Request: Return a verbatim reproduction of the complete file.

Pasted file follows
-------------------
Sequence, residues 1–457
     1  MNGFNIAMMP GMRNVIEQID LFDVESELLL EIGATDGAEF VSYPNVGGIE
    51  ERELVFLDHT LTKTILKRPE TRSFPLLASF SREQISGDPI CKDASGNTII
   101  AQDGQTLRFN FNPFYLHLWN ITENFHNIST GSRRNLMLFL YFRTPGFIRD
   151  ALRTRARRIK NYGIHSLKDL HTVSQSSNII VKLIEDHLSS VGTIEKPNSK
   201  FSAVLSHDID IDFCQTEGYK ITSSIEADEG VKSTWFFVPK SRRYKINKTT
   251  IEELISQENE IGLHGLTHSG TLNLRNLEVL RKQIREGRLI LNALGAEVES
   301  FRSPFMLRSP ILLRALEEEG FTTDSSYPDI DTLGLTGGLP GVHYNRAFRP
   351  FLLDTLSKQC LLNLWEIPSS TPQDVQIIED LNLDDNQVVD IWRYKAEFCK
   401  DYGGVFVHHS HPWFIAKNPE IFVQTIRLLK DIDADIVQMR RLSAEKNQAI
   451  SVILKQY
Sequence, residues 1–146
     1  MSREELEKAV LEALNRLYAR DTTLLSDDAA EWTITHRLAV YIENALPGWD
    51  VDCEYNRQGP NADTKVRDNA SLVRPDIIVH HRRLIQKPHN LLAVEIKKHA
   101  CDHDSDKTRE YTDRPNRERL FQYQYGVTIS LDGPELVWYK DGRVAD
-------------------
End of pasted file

Sequence, residues 1–457
     1  MNGFNIAMMP GMRNVIEQID LFDVESELLL EIGATDGAEF VSYPNVGGIE
    51  ERELVFLDHT LTKTILKRPE TRSFPLLASF SREQISGDPI CKDASGNTII
   101  AQDGQTLRFN FNPFYLHLWN ITENFHNIST GSRRNLMLFL YFRTPGFIRD
   151  ALRTRARRIK NYGIHSLKDL HTVSQSSNII VKLIEDHLSS VGTIEKPNSK
   201  FSAVLSHDID IDFCQTEGYK ITSSIEADEG VKSTWFFVPK SRRYKINKTT
   251  IEELISQENE IGLHGLTHSG TLNLRNLEVL RKQIREGRLI LNALGAEVES
   301  FRSPFMLRSP ILLRALEEEG FTTDSSYPDI DTLGLTGGLP GVHYNRAFRP
   351  FLLDTLSKQC LLNLWEIPSS TPQDVQIIED LNLDDNQVVD IWRYKAEFCK
   401  DYGGVFVHHS HPWFIAKNPE IFVQTIRLLK DIDADIVQMR RLSAEKNQAI
   451  SVILKQY
Sequence, residues 1–146
     1  MSREELEKAV LEALNRLYAR DTTLLSDDAA EWTITHRLAV YIENALPGWD
    51  VDCEYNRQGP NADTKVRDNA SLVRPDIIVH HRRLIQKPHN LLAVEIKKHA
   101  CDHDSDKTRE YTDRPNRERL FQYQYGVTIS LDGPELVWYK DGRVAD